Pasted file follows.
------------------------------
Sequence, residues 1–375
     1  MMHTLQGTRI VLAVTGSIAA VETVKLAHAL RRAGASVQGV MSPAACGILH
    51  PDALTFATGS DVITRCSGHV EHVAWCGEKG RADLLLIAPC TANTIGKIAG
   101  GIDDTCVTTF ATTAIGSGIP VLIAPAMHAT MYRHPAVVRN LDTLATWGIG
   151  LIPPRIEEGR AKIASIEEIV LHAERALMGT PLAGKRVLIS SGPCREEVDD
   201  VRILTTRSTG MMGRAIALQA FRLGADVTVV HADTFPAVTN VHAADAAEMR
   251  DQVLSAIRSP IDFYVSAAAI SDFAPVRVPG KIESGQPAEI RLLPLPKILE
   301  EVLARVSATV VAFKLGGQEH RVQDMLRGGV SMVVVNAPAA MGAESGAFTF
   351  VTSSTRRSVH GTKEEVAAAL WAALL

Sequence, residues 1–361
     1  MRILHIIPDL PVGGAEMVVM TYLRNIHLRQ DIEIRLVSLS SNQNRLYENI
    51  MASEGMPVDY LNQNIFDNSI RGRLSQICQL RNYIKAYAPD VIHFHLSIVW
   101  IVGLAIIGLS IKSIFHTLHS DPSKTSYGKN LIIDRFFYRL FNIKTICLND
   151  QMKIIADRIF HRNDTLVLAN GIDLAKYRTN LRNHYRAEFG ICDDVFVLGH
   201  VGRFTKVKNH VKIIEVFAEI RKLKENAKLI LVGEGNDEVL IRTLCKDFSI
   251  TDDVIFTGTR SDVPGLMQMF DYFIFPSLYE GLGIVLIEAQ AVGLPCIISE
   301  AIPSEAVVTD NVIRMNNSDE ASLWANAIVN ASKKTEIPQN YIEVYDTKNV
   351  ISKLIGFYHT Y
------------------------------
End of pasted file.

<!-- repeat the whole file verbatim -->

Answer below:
Sequence, residues 1–375
     1  MMHTLQGTRI VLAVTGSIAA VETVKLAHAL RRAGASVQGV MSPAACGILH
    51  PDALTFATGS DVITRCSGHV EHVAWCGEKG RADLLLIAPC TANTIGKIAG
   101  GIDDTCVTTF ATTAIGSGIP VLIAPAMHAT MYRHPAVVRN LDTLATWGIG
   151  LIPPRIEEGR AKIASIEEIV LHAERALMGT PLAGKRVLIS SGPCREEVDD
   201  VRILTTRSTG MMGRAIALQA FRLGADVTVV HADTFPAVTN VHAADAAEMR
   251  DQVLSAIRSP IDFYVSAAAI SDFAPVRVPG KIESGQPAEI RLLPLPKILE
   301  EVLARVSATV VAFKLGGQEH RVQDMLRGGV SMVVVNAPAA MGAESGAFTF
   351  VTSSTRRSVH GTKEEVAAAL WAALL

Sequence, residues 1–361
     1  MRILHIIPDL PVGGAEMVVM TYLRNIHLRQ DIEIRLVSLS SNQNRLYENI
    51  MASEGMPVDY LNQNIFDNSI RGRLSQICQL RNYIKAYAPD VIHFHLSIVW
   101  IVGLAIIGLS IKSIFHTLHS DPSKTSYGKN LIIDRFFYRL FNIKTICLND
   151  QMKIIADRIF HRNDTLVLAN GIDLAKYRTN LRNHYRAEFG ICDDVFVLGH
   201  VGRFTKVKNH VKIIEVFAEI RKLKENAKLI LVGEGNDEVL IRTLCKDFSI
   251  TDDVIFTGTR SDVPGLMQMF DYFIFPSLYE GLGIVLIEAQ AVGLPCIISE
   301  AIPSEAVVTD NVIRMNNSDE ASLWANAIVN ASKKTEIPQN YIEVYDTKNV
   351  ISKLIGFYHT Y